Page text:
Outlook Magazine - Fall 2021

The prototypes ranged from mechanical solutions to adhesive ones and others with a little bit of everything, Jon said. All needed to be able to withstand extreme cold, snow, saltwater and bears rolling in snow. “Polar bears will walk through anything,” BJ said. “You’ve got an 800- to 1,800-pound animal rolling around on your transmitter.” One idea called the “burr on fur” approach allows the device to latch onto and stick to a bear’s fur with a brush that entangles the fur. Jon worked at 3M for nearly 40 years after graduating from UW-Stout in industrial design. To be able to work on a project with his son has been a great opportunity, he said. “This is just the beginning. If we can make something stick to a polar bear, it can stick to just about anything.”


W-Stout alumnus Jon Kirschhoffer spent his career at 3M, a company known for making things stick, like

Post-It Notes and other adhesives.

When his son, BJ Kirschhoffer, director of field operations for Polar Bears International, contacted his father, an advanced research specialist in the 3M Corporate Research Systems Lab, about needing a better way to track polar bears in the Arctic, 3M became the bearer of necessity and developed prototype tracker tags to help the nonprofit organization conserve the bears across the Arctic. Traditionally, scientists have used satellite collars to follow movements. However, collars can only be placed on adult females, BJ said. Adult males’ necks are as wide as their heads and the collars don’t stay on. Young bears grow too quickly to be safely collared. Transmitters could go on ear tags but require minor surgery and are permanently attached. BJ sent a polar bear pelt to his father at 3M headquarters in St. Paul. “I walked it out into the hallway and unfurled it on the floor and invited people to come see it,” said Jon, who retired from 3M at the end of December 2020. “They came out of the woodwork. It became a catalyst for me to engage other researchers in the project.” 3M has an organization called Tech Forum, a gathering of technology special interest groups where ideas and findings can be exchanged, Jon said. The group created a workshop called Tag a Bear Challenge and met for two days to brainstorm a better way to attach a tracking tag. Tech Forum met with polar bear experts, developed ideas and created crude prototypes. In December, the nearly two-year project moved into the Arctic when testing began on four prototype tags in western Hudson Bay in the far north of Manitoba, Canada.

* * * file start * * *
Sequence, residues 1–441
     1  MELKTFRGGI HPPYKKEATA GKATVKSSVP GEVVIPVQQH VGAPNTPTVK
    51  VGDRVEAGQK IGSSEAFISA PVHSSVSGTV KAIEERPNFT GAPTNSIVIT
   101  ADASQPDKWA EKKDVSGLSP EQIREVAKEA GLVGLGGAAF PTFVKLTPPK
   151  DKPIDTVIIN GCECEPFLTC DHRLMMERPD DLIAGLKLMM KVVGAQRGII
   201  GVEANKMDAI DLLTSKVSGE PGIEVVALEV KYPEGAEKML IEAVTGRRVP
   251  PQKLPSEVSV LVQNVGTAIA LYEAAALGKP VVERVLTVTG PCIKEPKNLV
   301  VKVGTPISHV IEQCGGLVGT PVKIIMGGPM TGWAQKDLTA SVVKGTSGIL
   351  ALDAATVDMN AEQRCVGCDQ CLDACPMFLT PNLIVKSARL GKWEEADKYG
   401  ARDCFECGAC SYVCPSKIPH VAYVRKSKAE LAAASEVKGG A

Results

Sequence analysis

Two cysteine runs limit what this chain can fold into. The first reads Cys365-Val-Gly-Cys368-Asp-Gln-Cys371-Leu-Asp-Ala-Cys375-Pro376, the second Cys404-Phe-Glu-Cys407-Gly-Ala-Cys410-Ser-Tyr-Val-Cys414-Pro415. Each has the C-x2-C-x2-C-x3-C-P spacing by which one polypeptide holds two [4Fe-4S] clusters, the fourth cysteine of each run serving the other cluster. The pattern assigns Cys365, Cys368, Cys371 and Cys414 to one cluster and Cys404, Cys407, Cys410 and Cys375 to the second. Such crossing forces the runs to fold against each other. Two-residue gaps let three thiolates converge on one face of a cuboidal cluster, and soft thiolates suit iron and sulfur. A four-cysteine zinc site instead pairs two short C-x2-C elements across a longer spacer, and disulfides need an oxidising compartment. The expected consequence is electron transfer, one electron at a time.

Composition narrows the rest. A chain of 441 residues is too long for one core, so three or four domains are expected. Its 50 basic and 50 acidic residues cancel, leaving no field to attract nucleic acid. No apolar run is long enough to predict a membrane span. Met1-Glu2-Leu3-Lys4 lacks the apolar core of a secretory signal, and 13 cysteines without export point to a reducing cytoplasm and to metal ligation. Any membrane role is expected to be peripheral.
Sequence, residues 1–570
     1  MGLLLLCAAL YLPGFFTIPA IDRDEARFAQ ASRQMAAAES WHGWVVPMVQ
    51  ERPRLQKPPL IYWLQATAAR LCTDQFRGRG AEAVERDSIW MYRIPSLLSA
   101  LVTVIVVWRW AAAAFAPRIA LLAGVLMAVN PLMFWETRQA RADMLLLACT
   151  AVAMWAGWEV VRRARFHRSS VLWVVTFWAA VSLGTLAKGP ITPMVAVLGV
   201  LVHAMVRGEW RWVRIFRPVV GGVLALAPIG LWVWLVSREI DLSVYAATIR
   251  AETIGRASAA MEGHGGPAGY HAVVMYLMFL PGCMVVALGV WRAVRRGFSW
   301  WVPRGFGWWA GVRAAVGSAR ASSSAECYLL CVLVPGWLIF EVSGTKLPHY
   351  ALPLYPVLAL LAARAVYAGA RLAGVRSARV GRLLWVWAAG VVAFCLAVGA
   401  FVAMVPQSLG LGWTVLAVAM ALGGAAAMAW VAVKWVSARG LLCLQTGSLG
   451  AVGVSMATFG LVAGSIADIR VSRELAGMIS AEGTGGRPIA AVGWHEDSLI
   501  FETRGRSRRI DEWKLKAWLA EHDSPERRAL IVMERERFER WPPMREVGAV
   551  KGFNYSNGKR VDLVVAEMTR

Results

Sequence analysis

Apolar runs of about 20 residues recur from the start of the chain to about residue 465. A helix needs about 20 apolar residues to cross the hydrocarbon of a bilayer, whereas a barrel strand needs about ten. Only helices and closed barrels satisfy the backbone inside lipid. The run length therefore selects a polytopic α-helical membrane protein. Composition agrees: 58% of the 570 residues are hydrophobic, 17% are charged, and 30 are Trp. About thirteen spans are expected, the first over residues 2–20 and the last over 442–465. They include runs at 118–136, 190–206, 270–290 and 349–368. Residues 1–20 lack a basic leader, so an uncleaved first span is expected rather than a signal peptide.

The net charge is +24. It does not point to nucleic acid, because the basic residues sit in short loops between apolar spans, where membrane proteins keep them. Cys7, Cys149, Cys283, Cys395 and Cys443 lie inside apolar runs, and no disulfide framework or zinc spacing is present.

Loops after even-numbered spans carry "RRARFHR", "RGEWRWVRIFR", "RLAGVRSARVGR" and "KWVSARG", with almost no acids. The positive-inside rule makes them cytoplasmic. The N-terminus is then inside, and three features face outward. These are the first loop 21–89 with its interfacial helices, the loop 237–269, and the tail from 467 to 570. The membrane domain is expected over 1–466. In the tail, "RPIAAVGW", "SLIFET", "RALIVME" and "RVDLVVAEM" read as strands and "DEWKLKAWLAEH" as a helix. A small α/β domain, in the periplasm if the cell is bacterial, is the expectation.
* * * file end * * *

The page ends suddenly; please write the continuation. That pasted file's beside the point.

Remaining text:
Devices designed by 3M for Polar Bear International help track the animals for research. The designs must attach to the bear fur and survive extreme weather conditions.


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